Nevada Solar Power Information & Peak Sun Hours
Solar Green Energy Summary for Nevada, Texas
Fixed Tilt Sunlight Hours: 5.6 hours per day
1-Axis Tilt Sunlight Hours: 7.4 hours per day
2-Axis Tilt Sunlight Hours: 8.1 hours per day
The amount of hours from sunrise to sunset is equal to the total sunlight hours in a 24 hour period. Similarly, peak sun hours are the amount of total sunlight hours in a 24 hour period that are strong enough to provide power from being captured by a solar panel. Not every hour of sunlight delivers the same amount of energy resources. The sunlight at sunrise does not provide as many resources as the amount of sunlight mid-day. Thus, looking at the average peak sunlight hours for Nevada is valuable for calculating your solar needs.
The latitude of the location is important for measuring peak sun hours. The latitude determines how much overall sunlight there will be in a day. With a given latitude, time and date, one can accurately determine when sunrise and sunset will occur. Areas with latitudes closer to the equator will have a more consistent range of solar insolation throughout the year. Whereas areas closer to the poles will have a greater variance during the summer and winter months due to their higher latitudes.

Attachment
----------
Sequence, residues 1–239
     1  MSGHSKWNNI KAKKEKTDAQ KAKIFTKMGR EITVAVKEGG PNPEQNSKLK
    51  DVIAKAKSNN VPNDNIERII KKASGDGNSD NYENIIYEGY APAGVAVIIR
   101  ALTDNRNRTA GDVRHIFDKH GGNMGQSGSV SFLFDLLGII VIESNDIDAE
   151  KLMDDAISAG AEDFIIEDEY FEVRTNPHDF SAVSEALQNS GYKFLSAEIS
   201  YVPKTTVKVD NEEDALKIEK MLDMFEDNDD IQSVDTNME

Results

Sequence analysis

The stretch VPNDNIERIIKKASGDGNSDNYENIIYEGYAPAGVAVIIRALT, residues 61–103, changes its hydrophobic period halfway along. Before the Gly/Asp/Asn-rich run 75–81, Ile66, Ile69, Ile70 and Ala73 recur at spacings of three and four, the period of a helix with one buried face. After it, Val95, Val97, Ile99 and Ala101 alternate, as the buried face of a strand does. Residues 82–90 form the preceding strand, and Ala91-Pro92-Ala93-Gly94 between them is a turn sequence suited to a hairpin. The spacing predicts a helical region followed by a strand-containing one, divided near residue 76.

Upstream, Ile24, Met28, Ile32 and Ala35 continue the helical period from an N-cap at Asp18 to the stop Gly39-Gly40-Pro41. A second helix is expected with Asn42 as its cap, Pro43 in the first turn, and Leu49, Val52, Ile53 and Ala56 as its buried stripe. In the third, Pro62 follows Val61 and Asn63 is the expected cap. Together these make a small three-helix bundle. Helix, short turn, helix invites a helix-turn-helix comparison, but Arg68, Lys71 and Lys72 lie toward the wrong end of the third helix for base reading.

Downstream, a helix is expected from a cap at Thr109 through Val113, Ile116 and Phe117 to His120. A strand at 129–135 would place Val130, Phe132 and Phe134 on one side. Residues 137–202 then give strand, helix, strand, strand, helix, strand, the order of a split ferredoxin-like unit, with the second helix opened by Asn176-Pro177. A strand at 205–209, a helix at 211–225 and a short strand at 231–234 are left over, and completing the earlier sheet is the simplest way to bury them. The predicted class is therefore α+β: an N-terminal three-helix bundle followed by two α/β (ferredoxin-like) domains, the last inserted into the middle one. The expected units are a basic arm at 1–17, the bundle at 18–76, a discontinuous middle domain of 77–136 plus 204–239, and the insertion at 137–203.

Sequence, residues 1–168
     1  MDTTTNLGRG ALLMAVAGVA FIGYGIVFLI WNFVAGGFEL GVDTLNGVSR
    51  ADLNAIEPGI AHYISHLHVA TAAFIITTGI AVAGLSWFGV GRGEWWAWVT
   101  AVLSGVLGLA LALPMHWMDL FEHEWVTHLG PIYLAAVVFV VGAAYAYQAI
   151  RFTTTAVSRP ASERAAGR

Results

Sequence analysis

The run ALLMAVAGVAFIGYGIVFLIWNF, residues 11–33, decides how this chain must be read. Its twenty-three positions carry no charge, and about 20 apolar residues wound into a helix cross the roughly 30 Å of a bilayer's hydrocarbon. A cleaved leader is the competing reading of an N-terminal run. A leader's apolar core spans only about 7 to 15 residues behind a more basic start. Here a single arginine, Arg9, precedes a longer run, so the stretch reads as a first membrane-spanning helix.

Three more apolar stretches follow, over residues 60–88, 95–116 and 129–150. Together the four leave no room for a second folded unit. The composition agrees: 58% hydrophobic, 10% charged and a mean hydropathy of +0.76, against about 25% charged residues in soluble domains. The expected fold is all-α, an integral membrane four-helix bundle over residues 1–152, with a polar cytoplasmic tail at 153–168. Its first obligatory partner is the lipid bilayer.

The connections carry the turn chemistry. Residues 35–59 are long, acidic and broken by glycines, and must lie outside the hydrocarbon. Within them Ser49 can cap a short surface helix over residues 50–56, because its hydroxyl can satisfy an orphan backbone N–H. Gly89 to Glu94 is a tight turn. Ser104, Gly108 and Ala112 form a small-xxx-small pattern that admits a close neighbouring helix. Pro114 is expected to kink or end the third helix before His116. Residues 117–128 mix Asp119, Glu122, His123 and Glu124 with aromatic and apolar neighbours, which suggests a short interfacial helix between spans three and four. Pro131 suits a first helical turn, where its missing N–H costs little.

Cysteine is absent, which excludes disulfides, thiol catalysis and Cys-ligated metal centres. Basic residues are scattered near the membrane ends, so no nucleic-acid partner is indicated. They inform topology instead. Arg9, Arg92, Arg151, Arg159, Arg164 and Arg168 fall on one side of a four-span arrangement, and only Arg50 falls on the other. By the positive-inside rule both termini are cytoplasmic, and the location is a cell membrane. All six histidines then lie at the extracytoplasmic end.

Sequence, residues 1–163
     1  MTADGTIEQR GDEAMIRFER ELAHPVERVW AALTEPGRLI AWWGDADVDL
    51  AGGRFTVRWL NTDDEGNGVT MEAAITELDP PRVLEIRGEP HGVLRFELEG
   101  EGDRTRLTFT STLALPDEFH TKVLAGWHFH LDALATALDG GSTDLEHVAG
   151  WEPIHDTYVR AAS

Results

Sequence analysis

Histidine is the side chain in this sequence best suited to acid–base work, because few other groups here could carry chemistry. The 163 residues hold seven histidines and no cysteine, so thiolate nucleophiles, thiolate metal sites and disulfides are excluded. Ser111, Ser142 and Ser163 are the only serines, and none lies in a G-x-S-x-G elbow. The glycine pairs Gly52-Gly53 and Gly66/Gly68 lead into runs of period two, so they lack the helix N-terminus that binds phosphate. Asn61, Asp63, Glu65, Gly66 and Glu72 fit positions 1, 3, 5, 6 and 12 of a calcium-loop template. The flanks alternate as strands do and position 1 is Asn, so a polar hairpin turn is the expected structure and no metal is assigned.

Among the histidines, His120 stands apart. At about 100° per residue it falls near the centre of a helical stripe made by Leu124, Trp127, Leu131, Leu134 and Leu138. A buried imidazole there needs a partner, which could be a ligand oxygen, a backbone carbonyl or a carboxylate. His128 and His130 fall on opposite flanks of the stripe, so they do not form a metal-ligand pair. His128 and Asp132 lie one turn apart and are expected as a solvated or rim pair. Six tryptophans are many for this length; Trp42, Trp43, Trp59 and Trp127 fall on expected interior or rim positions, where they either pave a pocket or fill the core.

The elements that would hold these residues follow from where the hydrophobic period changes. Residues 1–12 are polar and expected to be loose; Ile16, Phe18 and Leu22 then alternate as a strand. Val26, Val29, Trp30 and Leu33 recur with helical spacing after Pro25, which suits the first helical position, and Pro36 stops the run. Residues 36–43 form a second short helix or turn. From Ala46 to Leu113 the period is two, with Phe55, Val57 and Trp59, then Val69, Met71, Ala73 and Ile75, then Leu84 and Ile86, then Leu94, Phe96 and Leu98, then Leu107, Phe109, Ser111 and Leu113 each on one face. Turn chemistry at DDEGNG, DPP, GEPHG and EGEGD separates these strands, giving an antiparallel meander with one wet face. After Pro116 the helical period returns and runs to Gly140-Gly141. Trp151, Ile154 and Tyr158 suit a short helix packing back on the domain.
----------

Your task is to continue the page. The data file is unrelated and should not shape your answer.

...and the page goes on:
They type of solar panel you use has an affect on the average peak sunlight hours. Some panels allow for movement, so they can track the sun as it rises in the east and sets in the west, or as the seasons change and the sun's path changes. A fixed panel remains fixed and does not have the ability to rotate, whereas a 1-axis and 2-axis panel can adjust with the sun.
Weather is one of the major culprits that will cause inconsistent total peak sun hours for any given day. The sunrise and sunset will always be predictable every day, but the weather is hard to predict and cloud coverage can greatly diminish the efficiency of a solar power system on any given day. On the bright side, a location that is known to have cloudy weather a majority of the year could have unexpectedly more sunny days, so it can go both ways.
In Nevada you can look at the average peak sun hours of a fixed solar panel mount, which will be 5.6 hours. This number iis an estimate based on data of previous years. With a tracking mount in Nevada you could theoretically increase the amount of peak sun hours per with a 1-axis mount, and get 7.4 hours, or a 2-axis mount and potentially increase your average to 8.1 hours.